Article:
The Federal Motor Carrier Safety Administration is moving forward with a proposal and request for comment on a pilot program to allow younger commercial vehicle drivers currently confined to in-state driving to operate in interstate commerce, potentially relieving pressure the industry’s driver shortage by opening lanes to more drivers.
A Sept. 4 notice in the Federal Register proposes to allow 18- to 20-year-old CDL holders to operate CMVs in interstate commerce while taking part in a 120-hour probationary period and subsequent 280-hour probationary period under an apprenticeship. The program also would allow 19- and 20-year-old drivers who have operated CMVs in intrastate commerce for a minimum of one year and driven 25,000 miles.
The study group drivers would not be allowed to operate vehicles hauling passengers, haz-mat or of special configuration.
The pilot program is similar to the DRIVE Safe Act that aims to bring younger drivers into interstate commerce and follows a July 18 announcement outlining details for the Military Commercial Driver Pilot Program that allows 18-20-year olds with military training to operate in interstate commerce.
All of these initiatives have been on the table for some time.
That DRIVE Safe Act is supported by more than 40 industry groups and has strong bipartisan support, currently co-sponsored by 144 congressmen and 34 senators. The FMCSA action is seen a step towards being prepared for implementation when the DRIVE Safe Act is passed.
“This is a significant step toward improving safety on our nation’s roads, setting a standard for these drivers that is well beyond what 49 states currently require,” American Trucking Associations president Chris Spear said. “This is an amazing block of talent with unlimited potential.”
“As an industry, we need to find new ways to connect with potential new drivers,” said ATA Chairman Randy Guillot, president of Triple G Express and Southeastern Motor Freight. “By providing young people the opportunity to fully participate in the financially rewarding and dynamic world of trucking, we will be in a better position to bring in a new generation of valuable talent to our industry.”
Currently 49 states and Washington, D.C., allow 18- to 20-year CDL holders to operate in intrastate commerce. As such, a driver could run the entire width of Tennessee, but not cross the bridge into West Memphis, Ark., or continue through town on the roads into Bristol, Va.
“We are fully in favor of testing allowing 18-year-olds to hold a CDL,” said Jim Peters, president and CEO of Knoxville, Tenn.-based TLD Logistics. “We are of the opinion that a properly trained 18-year-old is fully capable of safely operating a tractor trailer.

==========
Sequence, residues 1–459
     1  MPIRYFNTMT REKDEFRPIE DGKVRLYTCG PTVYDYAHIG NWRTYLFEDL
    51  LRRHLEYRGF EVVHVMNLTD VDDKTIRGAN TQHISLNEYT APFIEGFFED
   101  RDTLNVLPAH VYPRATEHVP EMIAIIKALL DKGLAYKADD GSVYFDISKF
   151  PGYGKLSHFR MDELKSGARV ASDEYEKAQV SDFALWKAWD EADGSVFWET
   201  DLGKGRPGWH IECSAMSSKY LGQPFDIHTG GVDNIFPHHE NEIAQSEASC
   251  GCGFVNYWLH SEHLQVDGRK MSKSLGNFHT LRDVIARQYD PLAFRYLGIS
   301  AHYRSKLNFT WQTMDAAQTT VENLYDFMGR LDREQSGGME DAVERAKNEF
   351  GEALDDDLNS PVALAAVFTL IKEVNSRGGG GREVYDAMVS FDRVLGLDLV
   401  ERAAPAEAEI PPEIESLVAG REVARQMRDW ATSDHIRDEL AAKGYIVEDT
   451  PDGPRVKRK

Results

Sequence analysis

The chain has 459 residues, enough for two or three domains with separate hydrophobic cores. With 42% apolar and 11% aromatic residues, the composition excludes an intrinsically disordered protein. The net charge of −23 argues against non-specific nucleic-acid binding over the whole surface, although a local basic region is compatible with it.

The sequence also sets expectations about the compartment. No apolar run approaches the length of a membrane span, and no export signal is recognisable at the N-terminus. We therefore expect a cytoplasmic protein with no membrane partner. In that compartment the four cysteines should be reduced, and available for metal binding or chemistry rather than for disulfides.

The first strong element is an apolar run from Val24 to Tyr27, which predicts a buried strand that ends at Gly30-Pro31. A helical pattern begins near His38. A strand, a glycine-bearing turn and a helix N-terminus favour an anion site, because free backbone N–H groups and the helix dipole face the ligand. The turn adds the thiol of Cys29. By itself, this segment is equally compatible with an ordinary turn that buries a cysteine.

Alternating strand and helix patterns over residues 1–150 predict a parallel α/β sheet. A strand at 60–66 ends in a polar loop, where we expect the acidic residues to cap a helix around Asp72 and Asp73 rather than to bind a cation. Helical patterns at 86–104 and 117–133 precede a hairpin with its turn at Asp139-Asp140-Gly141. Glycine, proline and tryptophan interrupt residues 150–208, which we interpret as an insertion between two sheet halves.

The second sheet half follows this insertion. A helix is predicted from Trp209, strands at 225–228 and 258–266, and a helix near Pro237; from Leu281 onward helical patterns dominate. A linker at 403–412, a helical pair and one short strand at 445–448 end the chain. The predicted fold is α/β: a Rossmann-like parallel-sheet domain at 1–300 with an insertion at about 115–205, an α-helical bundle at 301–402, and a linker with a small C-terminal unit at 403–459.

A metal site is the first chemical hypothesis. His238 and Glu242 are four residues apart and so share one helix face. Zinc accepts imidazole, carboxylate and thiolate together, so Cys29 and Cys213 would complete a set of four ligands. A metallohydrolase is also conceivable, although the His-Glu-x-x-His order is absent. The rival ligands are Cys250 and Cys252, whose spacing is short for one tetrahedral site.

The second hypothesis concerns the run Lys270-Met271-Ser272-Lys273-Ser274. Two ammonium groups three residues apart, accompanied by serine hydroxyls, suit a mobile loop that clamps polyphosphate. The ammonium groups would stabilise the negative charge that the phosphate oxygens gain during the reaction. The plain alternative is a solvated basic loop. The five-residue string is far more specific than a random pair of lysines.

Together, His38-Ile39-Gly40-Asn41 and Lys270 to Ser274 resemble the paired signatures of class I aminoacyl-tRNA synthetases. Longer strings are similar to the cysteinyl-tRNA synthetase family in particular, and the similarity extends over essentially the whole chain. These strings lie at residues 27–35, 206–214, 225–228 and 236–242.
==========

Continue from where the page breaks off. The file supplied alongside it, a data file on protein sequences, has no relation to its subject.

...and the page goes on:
“Under current law, 18-year-olds are allowed to handle intrastate commerce, so essentially this 18-year-old could go from Knoxville to Memphis. This would potentially require going on I-40 through Nashville, which is one of the 25 largest cities in the United States. So it seems logical that it would also be safe for a driver to cross the state line between Tennessee and Georgia to make a delivery in Northern Georgia. We think the logic of allowing 18-year-olds to develop the necessary skills to safely operate a tractor trailer and potentially cross the state line makes perfectly logical sense.”
Under the apprenticeship, younger drivers would operate CMVs under the supervision of an experienced driver and would be required to achieve specific performance benchmarks before advancing. Participants also would drive vehicles equipped with active braking collision-mitigation systems, forward-facing video event capture and speed limiters set to 65 mph.
“Safety is always FMCSA’s top priority, so we encourage drivers, motor carriers and interested citizens to review this proposed new pilot program and share their thoughts and opinions,” FMCSA Deputy Administrator Wiley Deck said.
The FMCSA received 1,118 responses on a similar request for comment made in 2019. More than 1,000 individuals and 95 organizations commented at that time, it said, with just a slightly higher amount of favorable comments. The new comment period will be open for 60 days.
The FMCSA said numerous stakeholders favored the new program, including the ATA, the Truckload Carriers Association, an insurance group and a state highway commission.
“The COVID-19 pandemic has opened many Americans’ eyes to the essential role truckers play in our everyday lives, and providing additional opportunities for 18-20-year-old young adults to enter trucking is a positive step,” said Mark Colson, president and CEO of the Alabama Trucking Association. “You can be a part of an essential business that never stops, not go into massive student loan debt and make a good living … This is a win.”
The Owner-Operator Independent Drivers Association and several safety groups oppose the program, largely over safety concerns. The OOIDA contends the driver shortage is an issue more about pay and working conditions than anything else.
The FMCSA also has an open comment period to Nov. 2 on its proposed pilot program to look at pausing a driver’s hours-of-service clock.